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Discussion Starter · #1 ·
For all of you with question on where your fuel goes, or where the engine is, here are a few simple diagrams to assist you..



 

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Wow... What useful information... Since you posted it on a forum dedicated to the CBR250, one might assume the information is specific to that bike. I wasn't aware my CBR250R had:

  • Choke lever
  • Clutch Fluid reservoir
  • Fuel tank lid
  • Fairing Pocket
  • Tool kit
  • Idle speed adjusting knob
  • Shelter lid Lock
  • TCS switch (much less TCS)
Pity, isn't it, when condescending attempts to parade your superior knowledge and at the same time belittle those who aren't as supremely accomplished as you are actually reveals how little you know?


P.S. - Neither diagram shows the engine location...
 

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I don't see the Plasti-dip reservoir.

Seriously. These could be pretty useful to a new rider if they were for the right bike. (yes, I know they're in the manual)
 

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For all of you with question on where your fuel goes, or where the engine is, here are a few simple diagrams to assist you..



That first picture is more misleading then helpful... 2nd one is still the wrong bike but mostly applicable. Didn't realize that we had an intake duct /sarcasm
 

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Discussion Starter · #5 ·
That first picture is more misleading then helpful... 2nd one is still the wrong bike but mostly applicable. Didn't realize that we had an intake duct /sarcasm
Seeing as how neither you or luke realized, the entire thread is sarcasm.
 

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A diagram specific to the CBR250R would be much more helpful to new owners of the bike, as it would show the location of the Flux Capacitor, as well as the Afterburner Diodes. Last night when I got home from my ride, the Flux Capacitor was glowing bright red... not cool man. You would think that a $4000.00 motorcycle would have a decent FC right from the get go. My Harbor Freight FC installation tool is almost worn out. It serves me right for buying a sub standard tool. Live and learn.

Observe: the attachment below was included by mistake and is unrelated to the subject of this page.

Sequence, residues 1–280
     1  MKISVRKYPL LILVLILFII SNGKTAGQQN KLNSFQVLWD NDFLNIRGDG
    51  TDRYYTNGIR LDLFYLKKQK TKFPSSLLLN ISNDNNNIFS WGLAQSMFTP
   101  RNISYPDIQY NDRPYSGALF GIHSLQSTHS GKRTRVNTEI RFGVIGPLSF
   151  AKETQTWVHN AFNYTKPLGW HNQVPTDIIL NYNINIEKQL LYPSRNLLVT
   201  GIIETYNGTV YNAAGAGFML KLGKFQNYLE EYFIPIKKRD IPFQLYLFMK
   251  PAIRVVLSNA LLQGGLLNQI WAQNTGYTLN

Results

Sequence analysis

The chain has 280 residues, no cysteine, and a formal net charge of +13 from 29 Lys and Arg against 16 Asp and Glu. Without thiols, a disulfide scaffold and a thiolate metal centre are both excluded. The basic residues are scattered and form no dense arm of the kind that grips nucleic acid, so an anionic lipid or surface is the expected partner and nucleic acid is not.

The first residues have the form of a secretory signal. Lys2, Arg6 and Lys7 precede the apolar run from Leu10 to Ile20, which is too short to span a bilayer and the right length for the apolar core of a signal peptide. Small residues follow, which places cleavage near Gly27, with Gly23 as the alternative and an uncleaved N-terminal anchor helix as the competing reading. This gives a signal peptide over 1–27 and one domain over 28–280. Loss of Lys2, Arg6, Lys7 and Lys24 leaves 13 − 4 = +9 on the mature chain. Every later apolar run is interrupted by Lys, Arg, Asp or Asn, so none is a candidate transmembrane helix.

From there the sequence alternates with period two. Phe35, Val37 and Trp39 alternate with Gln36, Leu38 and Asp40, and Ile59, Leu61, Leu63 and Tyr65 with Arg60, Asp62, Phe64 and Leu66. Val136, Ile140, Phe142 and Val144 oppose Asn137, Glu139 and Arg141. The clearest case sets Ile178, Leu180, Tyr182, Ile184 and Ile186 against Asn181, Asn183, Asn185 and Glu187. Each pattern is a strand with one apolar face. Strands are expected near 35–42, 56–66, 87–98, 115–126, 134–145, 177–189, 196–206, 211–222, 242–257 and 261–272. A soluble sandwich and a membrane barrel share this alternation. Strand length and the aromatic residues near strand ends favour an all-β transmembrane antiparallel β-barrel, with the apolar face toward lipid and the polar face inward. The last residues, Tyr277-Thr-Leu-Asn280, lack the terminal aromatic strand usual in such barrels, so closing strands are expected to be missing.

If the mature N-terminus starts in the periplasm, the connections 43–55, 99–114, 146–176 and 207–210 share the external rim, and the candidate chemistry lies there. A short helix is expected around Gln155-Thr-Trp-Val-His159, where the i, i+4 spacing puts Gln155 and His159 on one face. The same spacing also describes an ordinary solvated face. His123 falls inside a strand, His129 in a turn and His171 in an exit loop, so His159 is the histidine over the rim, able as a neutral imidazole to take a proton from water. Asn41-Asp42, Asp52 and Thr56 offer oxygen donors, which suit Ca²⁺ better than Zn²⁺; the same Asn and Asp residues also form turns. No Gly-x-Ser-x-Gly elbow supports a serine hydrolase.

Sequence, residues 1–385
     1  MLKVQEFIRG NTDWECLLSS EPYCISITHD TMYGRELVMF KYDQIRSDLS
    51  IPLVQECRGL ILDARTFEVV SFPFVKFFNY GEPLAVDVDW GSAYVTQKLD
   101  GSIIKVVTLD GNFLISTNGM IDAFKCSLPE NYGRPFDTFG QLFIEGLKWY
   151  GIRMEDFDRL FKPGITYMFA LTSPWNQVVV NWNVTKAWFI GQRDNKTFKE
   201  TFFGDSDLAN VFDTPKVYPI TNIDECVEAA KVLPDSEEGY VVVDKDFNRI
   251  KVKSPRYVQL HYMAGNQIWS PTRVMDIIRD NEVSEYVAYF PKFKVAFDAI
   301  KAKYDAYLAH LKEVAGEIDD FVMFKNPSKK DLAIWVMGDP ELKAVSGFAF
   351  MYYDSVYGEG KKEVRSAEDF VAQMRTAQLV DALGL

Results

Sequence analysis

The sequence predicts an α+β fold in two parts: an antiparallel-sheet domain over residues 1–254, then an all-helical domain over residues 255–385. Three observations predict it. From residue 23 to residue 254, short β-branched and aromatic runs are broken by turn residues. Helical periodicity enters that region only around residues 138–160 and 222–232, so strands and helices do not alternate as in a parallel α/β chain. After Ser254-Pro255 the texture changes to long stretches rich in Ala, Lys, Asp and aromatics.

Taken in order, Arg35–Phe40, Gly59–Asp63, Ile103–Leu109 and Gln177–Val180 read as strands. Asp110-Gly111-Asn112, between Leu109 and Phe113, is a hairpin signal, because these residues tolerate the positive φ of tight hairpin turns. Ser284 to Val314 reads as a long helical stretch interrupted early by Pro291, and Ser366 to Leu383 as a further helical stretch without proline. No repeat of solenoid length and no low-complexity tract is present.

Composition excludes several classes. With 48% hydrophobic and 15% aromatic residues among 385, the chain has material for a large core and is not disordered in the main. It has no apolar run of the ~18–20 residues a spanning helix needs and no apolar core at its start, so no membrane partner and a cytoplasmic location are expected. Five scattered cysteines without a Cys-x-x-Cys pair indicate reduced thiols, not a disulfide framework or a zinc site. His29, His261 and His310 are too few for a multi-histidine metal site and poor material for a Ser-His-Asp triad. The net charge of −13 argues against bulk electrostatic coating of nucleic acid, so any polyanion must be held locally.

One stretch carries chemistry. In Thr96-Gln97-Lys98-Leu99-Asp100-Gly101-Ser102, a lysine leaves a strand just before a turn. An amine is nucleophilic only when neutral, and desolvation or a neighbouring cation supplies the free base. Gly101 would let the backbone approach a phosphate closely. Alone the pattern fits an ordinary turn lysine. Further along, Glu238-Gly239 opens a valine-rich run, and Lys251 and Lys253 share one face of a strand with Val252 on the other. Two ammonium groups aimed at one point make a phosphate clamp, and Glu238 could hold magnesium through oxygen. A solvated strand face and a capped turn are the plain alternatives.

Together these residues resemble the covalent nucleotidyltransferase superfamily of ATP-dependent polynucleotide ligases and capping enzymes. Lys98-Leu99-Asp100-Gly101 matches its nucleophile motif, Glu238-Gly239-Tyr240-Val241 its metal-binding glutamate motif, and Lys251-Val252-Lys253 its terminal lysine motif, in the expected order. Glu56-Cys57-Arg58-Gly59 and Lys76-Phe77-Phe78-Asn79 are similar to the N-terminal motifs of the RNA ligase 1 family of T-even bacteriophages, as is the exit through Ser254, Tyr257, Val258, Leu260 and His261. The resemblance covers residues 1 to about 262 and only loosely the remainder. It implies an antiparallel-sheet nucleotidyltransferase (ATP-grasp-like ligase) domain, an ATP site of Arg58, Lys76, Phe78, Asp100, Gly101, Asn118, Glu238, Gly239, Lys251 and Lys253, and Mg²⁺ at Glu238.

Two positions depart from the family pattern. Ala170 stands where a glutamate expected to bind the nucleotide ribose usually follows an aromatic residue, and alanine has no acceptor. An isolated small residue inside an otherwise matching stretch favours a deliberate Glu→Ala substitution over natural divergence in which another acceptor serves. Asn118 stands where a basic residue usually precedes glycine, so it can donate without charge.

Guess if I wasn't so hell bent for riding into the future, I'd get longer life from the stock Flux Capacitors. The old man who lives next door to me, is a retired physicist from Los Alamos National Laboratory. He has been working on a FC heat dissipation module, but the problem is that his prototype is the size of a Toyota Prius, so unless he can shrink it down to fit next to my tool kit hex wrench, I'm SOL. That old man is crazy smart though, he's got a pocket protector, and he's always walking around his backyard, working out some kind of calculations on his slide rule. Like I said, crazy smart.
 

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SM has great diagrams of the bike.

If anyone would like to know.
Does your S/M show the Flux Capacitor? I think my S/M is defective, cause those pages are missing, and a couple pages have been redacted. What the heck is the world coming to?


Now the pop-up advertisements are trying to sell me a Toyota Prius... whats up with that?
 

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Discussion Starter · #17 ·
I diagram specific to the CBR250R would be much more helpful to new owners of the bike, as it would show the location of the Flux Capacitor, as well as the Afterburner Diodes. Last night when I got home from my ride, the Flux Capacitor was glowing bright red... not cool man. You would think that a $4000.00 motorcycle would have a decent FC right from the get go. My Harbor Freight FC installation tool is almost worn out. It serves me right for buying a sub standard tool. Live and learn.

Guess if I wasn't so hell bent for riding into the future, I'd get longer life from the stock Flux Capacitors. The old man who lives next door to me, is a retired physicist from Los Alamos National Laboratory. He has been working on a FC heat dissipation module, but the problem is that his prototype is the size of a Toyota Prius, so unless he can shrink it down to fit next to my tool kit hex wrench, I'm SOL. That old man is crazy smart though, he's got a pocket protector, and he's always walking around his backyard, working out some kind of calculations on his slide rule. Like I said, crazy smart.

You can always trust a man with a pocket protector and an extreme knowledge of physics.
 
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